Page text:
Review : Murder By Death - Red Of Tooth And Claw
AllmusicMurder by Death address a number of themes on Red of Tooth and Claw, none of them particularly uplifting -- consuming passion, dark romance, longing, revenge, death, and destruction. It may sound at first like the makings of a mediocre goth album, but the band's combination of a taut, tense, elegant delivery and poetic lyrics breathes life into each of Red of Tooth and Claw's songs. Like 16 Horsepower, Murder by Death explore a darker side of country-rock, and there are two important influences in evidence here -- vocalist Adam Turla owes much of his sound to Johnny Cash and Nick Cave, but doesn't cross the line into mimicry. Instead, he leads the rest of the band in creating a mood and atmosphere that could be described as "country gothic," a sound whose dark romanticism and rustic overtones manage to be both bleak and warm....full text
SputnikmusicRed Of Tooth and Claw marks the second album without keyboardist Vincent Edwards as a full-time contributor. Why is that significant? Well comparing Like the Exorcist, But More Breakdancing and Who Will Survive, And What Will Be Left Of Them? with their latest albums, there is clearly a difference as far as songwriting is concerned. Songs like "That Crown Donít Make You A Prince" and "Those Who Left/Those Who Stayed" from their previous albums were so dark and sinister, fitting perfectly with Murder By Deathís eclectic line-up. Post-Edwards, Murder By Deathís songs tend to be more structured and less challenging, but seem fitting for Murder By Death to adapt to with their new Americana style. Yet, they still find a way to stick in a song that just blows the top off an album, like "Raw Deal" and "The Big Sleep" from In Bocca Al Lupo. It's clear they from In Bocca Al Lupo they have moved on without their notable keyboardist, but how far have they come with Red Of Tooth and Claw?...full text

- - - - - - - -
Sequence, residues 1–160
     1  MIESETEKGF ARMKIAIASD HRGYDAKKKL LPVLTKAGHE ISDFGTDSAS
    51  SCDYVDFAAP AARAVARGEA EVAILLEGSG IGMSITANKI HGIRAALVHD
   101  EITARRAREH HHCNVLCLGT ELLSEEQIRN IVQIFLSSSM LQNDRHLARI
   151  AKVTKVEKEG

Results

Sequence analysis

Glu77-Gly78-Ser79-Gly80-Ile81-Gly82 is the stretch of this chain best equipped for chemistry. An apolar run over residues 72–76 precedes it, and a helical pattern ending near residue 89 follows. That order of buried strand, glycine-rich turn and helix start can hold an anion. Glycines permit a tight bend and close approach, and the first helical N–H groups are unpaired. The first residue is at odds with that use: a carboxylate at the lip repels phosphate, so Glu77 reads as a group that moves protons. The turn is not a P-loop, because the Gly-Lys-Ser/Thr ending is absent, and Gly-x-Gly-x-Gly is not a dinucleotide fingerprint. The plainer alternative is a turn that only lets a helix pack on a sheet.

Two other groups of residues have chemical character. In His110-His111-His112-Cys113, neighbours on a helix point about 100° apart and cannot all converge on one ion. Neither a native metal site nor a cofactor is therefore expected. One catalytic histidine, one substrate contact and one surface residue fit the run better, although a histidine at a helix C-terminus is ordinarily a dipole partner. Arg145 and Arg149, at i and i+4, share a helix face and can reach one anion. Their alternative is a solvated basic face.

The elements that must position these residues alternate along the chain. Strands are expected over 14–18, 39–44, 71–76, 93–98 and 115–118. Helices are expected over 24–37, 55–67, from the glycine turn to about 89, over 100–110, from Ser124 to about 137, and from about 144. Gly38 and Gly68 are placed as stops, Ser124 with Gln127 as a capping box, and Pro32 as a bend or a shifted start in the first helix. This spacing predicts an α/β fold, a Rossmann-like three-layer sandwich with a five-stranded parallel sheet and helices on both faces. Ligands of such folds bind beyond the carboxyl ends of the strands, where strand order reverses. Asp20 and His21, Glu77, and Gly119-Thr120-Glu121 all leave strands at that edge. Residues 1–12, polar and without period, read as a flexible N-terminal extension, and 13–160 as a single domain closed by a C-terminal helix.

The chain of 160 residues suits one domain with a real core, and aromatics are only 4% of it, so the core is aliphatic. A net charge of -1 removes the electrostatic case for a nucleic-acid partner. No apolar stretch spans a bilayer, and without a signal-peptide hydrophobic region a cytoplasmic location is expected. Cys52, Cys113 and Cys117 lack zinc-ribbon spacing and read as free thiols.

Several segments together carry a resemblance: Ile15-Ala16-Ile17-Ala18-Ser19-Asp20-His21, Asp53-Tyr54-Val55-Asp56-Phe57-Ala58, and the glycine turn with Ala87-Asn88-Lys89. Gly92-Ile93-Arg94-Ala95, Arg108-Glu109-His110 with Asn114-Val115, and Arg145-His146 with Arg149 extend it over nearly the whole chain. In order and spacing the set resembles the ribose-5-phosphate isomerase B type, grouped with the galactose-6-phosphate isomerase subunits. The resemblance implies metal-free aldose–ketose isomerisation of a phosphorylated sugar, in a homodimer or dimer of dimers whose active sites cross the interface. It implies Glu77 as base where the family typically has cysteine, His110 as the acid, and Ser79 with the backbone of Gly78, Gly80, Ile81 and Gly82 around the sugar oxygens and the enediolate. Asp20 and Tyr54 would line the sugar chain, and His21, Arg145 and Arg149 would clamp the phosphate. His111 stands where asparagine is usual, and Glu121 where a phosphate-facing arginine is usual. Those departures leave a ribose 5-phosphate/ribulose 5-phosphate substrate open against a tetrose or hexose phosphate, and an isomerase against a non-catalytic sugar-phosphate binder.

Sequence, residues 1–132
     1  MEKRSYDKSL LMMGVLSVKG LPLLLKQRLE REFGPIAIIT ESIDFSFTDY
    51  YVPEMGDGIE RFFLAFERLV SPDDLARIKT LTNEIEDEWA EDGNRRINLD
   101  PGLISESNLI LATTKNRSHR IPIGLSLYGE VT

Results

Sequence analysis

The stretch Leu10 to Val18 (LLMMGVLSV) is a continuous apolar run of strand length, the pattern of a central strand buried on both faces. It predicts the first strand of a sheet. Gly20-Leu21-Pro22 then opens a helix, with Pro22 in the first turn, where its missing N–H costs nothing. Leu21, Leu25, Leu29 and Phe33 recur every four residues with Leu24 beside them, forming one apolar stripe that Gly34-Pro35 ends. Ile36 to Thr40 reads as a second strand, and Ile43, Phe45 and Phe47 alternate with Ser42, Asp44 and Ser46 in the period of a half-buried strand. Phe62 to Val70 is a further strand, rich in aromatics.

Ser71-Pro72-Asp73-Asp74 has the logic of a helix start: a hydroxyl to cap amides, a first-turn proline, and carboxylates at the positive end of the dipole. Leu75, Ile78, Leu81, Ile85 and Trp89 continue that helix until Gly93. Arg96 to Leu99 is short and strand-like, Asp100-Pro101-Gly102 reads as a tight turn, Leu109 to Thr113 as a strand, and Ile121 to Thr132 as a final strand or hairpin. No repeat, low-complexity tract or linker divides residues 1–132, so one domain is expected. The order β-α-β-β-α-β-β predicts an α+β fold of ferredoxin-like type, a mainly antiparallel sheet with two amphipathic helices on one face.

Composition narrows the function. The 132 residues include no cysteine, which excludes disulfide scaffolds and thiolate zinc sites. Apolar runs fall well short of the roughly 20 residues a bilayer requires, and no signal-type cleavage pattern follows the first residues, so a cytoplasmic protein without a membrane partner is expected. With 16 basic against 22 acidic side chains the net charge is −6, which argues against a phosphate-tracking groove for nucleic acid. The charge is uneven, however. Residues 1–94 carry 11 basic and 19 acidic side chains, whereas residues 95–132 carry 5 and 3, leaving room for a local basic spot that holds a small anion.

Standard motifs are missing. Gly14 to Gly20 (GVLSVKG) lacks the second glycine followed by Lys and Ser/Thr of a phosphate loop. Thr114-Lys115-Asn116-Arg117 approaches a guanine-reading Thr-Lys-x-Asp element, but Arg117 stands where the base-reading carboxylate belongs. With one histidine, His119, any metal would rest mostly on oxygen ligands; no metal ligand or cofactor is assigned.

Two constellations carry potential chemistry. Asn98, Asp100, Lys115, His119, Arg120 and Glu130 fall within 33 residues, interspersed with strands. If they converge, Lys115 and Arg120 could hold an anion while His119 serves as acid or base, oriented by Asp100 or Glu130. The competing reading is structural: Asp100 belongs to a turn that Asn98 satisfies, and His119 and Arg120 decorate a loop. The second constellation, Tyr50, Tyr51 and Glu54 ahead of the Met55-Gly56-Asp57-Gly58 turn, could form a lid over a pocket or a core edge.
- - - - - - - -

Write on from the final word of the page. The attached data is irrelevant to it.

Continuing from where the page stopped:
SpinIn this Indiana quartet's young, grizzled hearts, it's always "Spring Break 1899." They brawl like Johnny Cash's cellmates or dreamily swoon like Nick Drake, stomping saloon floorboards in 4/4 time as grand strings fade into high noon. But literate, wantonly nostalgic country rock is a tough sell these days. Red of Tooth and Claw, like 2006's grumpier In Bocca Al Lupo, runs low on contemporary touchstones or appeal. Keep this on your great-grandparents' Victrola, though, for a rainy afternoon of rootsy escapism....full text
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